Leipzig′s Beer Bottle Book Readings | Culture| Arts, music and lifestyle reporting from Germany | DW | 29.04.2006
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Leipzig's Beer Bottle Book Readings

Though it was Leipzig's Auerbachs Keller that was among Goethe's favorite haunts, today the city's literary audience is attracted to a number of other underground bars for unconventional book readings.

Turboprop's performances are part book reading, part audience participation

Turboprop's performances are part book reading, part audience participation

Singing isn't one of Christoph Graebel or Claudius Niessen's fortes, but that hasn't stopped the inventors of the literature show "Turboprop" from belting out its opening music once a month for the past three years.

But one look at the stage the bottle of beer and quiz books on the stage, and it's clear this is no ordinary book reading. Writing contests for the audience, well-rehearsed skits and guessing games punctuate the two-hour session along with a healthy dose of the hosts' dry humor.

"Glass of water readings"

"We had the idea because we were allowed -- and sometimes forced -- to attend readings and noticed fairly quickly that the regular ones, which we named 'glass of water readings,' can be completely boring," Graebel said of the events he and Niessen attend as students at the German Literature Institute in Leipzig (DLL).

Leipzig - Auerbachs Keller

German literary upstarts aren't meeting in Auerbachs Keller anymore

Falling asleep during a "Turboprop," where every show has a special guest presenting a book or at least a couple of new lines, is hardly likely -- even when the expected guest cancels a couple of hours before show time, and the student duo is forced to improvise its with the help of Leipzig's poetry slam master Julius Fischer.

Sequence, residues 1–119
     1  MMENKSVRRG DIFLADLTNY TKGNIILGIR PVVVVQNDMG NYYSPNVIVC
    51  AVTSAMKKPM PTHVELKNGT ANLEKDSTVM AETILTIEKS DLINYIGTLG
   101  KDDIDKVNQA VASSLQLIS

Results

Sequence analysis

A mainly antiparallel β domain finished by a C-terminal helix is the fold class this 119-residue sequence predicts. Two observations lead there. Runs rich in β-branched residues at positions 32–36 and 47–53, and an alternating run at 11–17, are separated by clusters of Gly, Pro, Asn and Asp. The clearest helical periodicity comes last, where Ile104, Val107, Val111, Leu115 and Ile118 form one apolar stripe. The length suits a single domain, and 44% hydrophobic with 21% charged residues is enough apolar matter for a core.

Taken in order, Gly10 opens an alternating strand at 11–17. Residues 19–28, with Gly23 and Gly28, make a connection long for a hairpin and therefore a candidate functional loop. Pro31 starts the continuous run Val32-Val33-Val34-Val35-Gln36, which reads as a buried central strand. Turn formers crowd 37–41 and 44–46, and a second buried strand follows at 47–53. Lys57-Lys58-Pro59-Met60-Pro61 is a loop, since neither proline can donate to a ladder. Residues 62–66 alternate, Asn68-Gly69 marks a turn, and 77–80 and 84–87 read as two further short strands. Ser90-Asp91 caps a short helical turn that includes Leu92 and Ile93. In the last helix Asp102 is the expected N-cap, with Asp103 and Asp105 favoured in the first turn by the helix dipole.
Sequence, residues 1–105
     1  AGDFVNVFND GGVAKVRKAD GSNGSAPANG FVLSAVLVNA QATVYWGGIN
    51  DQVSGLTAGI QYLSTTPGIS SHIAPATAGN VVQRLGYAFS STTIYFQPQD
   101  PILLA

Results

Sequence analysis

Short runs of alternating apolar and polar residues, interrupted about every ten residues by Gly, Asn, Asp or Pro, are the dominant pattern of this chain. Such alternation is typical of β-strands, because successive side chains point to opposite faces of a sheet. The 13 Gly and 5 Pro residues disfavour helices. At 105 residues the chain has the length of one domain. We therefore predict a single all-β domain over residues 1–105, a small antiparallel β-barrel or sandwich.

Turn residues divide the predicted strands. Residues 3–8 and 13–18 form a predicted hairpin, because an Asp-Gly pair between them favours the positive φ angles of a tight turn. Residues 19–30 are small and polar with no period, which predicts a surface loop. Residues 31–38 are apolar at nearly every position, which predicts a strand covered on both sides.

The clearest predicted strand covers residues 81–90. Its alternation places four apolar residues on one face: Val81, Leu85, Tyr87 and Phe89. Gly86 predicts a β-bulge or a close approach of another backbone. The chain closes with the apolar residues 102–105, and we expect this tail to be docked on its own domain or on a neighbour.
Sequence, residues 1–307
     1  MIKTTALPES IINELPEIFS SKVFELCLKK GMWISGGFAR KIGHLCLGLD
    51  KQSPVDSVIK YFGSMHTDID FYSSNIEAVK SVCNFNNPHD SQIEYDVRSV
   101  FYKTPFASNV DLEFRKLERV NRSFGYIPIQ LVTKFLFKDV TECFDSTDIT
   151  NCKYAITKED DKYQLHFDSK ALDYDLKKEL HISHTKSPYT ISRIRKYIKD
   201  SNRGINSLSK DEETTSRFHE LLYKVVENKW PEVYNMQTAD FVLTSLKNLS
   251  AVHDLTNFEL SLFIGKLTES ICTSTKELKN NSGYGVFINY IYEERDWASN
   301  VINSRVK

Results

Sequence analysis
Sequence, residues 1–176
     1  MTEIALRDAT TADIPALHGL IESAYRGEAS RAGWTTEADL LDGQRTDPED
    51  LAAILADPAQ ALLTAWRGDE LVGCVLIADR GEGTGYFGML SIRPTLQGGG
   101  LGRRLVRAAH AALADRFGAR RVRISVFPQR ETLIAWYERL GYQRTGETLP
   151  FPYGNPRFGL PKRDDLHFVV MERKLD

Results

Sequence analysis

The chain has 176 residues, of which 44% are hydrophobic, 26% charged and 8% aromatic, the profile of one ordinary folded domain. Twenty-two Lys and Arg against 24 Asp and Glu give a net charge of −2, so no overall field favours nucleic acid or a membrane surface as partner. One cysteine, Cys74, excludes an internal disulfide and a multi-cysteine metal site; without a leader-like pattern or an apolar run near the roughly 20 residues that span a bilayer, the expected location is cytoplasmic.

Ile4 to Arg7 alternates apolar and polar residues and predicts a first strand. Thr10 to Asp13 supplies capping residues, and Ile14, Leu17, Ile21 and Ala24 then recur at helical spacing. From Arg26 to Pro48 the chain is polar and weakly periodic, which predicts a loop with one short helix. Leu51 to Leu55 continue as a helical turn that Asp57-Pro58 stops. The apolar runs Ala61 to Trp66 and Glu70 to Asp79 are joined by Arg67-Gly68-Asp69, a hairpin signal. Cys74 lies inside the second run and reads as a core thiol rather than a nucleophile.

Starting point for German writers

Shows like "Turboprop," Fischer's "Live-Lyrix" and other gallery and club performances and exhibitions aim to develop a contemporary German-speaking literary subculture in Leipzig for the quiet months when Leipzig Book Fair's doors are closed and the city is not full of visiting authors.

"Leipzig is a musical city, Leipzig is a city of Bach -- that I can understand," Niessen said. "On the other hand, of course I also think it would be great if Leipzig were to present itself not only as a city of books, but maybe more as city for modern literature. Leipzig as the quasi-uncrowned queen of German-language literature."

But Niessen and Graebel said they've decided not to wait and hope the Leipzig Tourist Board picks up the ball. Instead they're using "Turboprop" as a stepping stone for up-and-coming young authors and point to Clemens Meyer, whose novel was celebrated at this year's Leipzig Book Fair. He read at "Turboprop" two years before his book could be found on bookshelves around Germany.

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